Photographer's Note

An early morning shot with the famous orange torii shrine of Miyajima in the background. I considered framing the orange torii through the white one in the fg, but there were too many trees in the way. I laughed at Rafals response that a good photographer always carries an axe! Mediaeval Japan was segregated into classes almost as strict as the Hindu caste system. Fishermen were at, or near, the bottom of the pecking order, so the sea shrine was built solely for them.

"Itsukushima Shrine (Japanese: 厳島神社, Itsukushima Jinja) is a Shinto shrine on the island of Itsukushima in the city of Hatsukaichi in Hiroshima Prefecture in Japan. It is a UNESCO World Heritage Site. The Japanese government has designated several buildings and possessions as national treasures.

The shrine dates back to the 6th century, and has been in its present form since 1168 when funds were provided by the warlord Taira no Kiyomori. The shrine's construction, consisting of pier-like structures built over the bay, is due to the holy status that the island once commanded. Commoners were historically not allowed to set foot on the island, and had to approach by boat, entering through the gate that appears to float. Beside the shrine is a noh stage.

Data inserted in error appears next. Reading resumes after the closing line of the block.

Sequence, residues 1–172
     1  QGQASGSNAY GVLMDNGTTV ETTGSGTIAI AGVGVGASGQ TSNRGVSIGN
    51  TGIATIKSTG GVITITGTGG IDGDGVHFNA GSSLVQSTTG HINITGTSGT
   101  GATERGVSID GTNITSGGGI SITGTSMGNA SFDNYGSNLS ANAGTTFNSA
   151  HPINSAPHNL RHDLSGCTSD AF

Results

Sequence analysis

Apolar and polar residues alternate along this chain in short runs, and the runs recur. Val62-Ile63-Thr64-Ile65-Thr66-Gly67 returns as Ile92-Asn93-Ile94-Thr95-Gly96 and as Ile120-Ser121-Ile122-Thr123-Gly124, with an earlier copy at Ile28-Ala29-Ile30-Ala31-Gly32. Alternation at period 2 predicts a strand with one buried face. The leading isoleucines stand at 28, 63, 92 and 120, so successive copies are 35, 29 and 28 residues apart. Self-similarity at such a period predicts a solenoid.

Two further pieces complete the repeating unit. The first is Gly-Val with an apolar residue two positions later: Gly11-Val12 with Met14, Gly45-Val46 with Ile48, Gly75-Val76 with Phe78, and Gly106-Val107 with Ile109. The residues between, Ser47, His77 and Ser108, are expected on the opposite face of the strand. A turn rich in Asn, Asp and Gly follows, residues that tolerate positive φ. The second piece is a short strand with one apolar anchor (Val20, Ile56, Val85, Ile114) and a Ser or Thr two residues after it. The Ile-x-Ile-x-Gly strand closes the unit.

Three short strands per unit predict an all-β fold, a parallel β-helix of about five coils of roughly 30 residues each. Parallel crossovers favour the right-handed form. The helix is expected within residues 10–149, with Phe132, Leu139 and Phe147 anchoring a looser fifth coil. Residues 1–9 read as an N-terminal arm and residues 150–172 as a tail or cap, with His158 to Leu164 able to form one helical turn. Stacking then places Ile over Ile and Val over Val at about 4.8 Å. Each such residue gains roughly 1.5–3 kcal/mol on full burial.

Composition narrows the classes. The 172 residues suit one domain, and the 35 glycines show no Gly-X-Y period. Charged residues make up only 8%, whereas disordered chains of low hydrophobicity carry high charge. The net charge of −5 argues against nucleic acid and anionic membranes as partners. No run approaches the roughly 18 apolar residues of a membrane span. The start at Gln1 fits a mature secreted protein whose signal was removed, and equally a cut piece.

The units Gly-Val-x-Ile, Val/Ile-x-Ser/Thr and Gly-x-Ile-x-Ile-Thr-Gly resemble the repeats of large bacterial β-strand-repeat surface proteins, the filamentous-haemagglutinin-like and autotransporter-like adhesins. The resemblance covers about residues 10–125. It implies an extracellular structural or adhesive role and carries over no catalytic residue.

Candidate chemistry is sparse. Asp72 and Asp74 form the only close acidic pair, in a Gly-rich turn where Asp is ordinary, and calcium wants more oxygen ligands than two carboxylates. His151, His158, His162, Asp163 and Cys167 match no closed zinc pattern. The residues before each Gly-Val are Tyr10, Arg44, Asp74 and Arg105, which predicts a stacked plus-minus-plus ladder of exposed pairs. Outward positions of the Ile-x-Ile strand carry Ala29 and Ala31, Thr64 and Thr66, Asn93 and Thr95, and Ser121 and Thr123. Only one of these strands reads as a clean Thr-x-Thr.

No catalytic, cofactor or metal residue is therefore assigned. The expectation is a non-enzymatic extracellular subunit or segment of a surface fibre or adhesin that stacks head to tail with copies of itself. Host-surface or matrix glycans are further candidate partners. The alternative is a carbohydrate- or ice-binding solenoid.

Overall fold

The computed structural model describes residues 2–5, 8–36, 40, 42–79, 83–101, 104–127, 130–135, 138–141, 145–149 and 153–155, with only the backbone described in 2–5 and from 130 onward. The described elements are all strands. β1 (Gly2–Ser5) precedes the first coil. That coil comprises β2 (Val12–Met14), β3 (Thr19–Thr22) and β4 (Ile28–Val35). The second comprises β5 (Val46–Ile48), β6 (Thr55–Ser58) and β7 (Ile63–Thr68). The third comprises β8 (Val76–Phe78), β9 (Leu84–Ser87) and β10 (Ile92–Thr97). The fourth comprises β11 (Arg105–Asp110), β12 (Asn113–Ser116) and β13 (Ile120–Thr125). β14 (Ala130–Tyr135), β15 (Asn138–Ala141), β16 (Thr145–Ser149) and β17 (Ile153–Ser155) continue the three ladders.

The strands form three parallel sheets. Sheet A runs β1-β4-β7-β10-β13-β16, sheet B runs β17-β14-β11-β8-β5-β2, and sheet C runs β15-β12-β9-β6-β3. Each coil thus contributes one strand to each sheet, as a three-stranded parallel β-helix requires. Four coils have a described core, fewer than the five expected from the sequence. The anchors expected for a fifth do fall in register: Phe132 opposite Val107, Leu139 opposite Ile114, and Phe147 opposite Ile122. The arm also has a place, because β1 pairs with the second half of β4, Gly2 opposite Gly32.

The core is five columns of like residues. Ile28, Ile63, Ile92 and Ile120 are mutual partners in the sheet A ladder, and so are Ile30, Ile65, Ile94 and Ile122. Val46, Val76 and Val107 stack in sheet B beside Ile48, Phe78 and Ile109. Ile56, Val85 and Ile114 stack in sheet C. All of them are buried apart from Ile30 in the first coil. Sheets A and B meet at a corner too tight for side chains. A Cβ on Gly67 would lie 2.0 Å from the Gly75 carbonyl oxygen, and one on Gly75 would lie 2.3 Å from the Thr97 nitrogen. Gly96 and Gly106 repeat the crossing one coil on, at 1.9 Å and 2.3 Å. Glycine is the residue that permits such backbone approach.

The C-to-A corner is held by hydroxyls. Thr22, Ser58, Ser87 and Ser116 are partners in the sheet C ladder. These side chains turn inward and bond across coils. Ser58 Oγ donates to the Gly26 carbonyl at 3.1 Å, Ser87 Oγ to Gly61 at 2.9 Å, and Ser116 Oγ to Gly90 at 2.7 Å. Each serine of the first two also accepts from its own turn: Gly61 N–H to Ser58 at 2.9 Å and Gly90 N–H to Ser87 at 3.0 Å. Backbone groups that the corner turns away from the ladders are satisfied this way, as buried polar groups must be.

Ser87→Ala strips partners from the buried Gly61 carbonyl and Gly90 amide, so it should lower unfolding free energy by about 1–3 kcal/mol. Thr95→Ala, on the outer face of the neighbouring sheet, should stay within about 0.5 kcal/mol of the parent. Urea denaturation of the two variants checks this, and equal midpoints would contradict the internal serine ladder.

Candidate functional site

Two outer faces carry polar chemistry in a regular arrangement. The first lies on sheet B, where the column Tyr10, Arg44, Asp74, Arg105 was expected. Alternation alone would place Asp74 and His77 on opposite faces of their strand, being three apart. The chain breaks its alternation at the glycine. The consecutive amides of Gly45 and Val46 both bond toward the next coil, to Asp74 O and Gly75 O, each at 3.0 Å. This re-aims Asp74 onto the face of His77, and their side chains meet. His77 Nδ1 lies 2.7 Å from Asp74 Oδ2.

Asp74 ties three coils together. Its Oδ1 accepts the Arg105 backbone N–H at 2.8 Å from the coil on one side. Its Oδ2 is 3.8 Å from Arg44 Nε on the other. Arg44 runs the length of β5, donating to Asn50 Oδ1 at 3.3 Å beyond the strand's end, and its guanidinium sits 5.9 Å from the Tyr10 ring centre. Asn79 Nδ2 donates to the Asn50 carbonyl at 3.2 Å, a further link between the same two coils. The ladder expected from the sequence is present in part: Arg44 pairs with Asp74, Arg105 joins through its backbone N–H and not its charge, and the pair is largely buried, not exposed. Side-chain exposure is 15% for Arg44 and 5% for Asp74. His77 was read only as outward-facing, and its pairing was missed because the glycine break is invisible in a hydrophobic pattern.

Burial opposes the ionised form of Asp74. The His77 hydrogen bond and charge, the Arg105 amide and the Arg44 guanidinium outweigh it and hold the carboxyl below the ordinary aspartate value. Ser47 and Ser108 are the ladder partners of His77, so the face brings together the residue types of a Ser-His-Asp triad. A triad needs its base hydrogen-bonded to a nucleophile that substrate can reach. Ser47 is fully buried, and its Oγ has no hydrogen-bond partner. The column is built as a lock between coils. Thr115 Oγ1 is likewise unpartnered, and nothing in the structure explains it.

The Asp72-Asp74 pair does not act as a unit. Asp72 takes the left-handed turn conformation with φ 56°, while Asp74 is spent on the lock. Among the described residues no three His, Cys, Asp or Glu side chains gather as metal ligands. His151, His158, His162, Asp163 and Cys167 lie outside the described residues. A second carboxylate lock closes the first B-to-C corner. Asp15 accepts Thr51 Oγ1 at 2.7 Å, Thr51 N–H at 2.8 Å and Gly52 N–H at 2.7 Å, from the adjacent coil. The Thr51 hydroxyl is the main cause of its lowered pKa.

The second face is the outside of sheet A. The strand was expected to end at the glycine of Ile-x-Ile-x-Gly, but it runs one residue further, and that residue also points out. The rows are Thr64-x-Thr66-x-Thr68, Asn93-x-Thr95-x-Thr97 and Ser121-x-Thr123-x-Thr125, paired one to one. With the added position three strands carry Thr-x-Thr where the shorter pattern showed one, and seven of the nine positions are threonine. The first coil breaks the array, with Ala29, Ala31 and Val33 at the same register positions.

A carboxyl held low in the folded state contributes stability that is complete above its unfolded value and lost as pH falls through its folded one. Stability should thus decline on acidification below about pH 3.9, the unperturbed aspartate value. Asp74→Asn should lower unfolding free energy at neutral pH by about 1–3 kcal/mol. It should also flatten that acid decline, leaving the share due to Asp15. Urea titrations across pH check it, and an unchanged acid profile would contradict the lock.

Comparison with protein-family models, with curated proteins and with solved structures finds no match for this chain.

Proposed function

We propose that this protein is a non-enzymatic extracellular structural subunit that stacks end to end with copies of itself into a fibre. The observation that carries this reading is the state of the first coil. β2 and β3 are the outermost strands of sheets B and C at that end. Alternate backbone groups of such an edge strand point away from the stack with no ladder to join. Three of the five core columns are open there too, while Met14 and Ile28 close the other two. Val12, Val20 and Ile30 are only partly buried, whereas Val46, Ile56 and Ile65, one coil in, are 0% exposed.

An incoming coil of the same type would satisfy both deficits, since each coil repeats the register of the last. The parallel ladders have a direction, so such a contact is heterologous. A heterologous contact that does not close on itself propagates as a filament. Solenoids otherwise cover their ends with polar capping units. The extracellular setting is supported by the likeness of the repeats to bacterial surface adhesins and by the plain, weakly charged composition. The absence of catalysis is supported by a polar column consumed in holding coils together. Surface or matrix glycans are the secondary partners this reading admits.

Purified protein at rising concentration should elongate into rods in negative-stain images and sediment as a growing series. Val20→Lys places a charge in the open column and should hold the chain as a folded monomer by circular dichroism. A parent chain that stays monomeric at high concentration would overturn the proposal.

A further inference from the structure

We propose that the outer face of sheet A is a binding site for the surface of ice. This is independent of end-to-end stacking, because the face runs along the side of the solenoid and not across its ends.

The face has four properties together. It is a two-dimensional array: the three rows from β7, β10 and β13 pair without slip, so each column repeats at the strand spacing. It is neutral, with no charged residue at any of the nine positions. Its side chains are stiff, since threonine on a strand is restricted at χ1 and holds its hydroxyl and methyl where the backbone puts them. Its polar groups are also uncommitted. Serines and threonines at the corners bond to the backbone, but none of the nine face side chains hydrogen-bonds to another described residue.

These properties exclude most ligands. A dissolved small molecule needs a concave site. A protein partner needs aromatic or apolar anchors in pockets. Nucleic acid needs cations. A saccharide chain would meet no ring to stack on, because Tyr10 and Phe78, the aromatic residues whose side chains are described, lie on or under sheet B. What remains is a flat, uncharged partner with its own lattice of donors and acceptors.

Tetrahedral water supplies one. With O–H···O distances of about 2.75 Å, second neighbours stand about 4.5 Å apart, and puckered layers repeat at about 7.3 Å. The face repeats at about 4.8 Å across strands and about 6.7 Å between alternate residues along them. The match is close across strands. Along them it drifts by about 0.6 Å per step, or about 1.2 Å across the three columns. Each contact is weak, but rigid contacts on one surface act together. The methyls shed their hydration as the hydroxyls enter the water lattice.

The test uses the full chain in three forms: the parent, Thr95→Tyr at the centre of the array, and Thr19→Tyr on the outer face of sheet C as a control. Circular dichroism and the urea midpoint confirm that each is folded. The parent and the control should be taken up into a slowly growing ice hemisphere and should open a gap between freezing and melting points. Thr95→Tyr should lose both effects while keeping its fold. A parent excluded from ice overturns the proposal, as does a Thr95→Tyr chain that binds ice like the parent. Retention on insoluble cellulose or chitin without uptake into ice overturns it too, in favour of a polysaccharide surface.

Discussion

The dramatic gate (torii) of Itsukushima Shrine is one of Japan's most popular tourist attractions, and the view of the gate in front of the island's Mount Misen is classified as one of the Three Views of Japan (along with the sand bar Amanohashidate, and Matsushima Bay). The gate has existed since 1168, though the current gate dates back to 1875. The gate, built of camphor wood, is about 16 metres high and was built in a four-legged, (yotsu-ashi) style to provide additional stability.

The gate only appears to be floating at high tide; when the tide is low, the gate is surrounded by mud and can be accessed on foot from the island. It is common practice for visitors to place coins in the cracks of the legs of the gate and make a wish. Gathering shellfish near the gate is also popular at low tide. At night, powerful lights on the shore illuminate the gate.

Retaining the purity of the shrine is so important that until 1878, no deaths or births were permitted at the shrine. To this day, burials on the island are still forbidden."

Source: Wikipedia

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Paolo, Gerrit, miuky, stego, jmdaoudal, John_F_Kennedy, Rosa_d_MonteLua, macondo has marked this note useful

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Additional Photos by Chris Jules (ChrisJ) Gold Star Critiquer/Gold Star Workshop Editor/Gold Note Writer [C: 13403 W: 1022 N: 26120] (126649)
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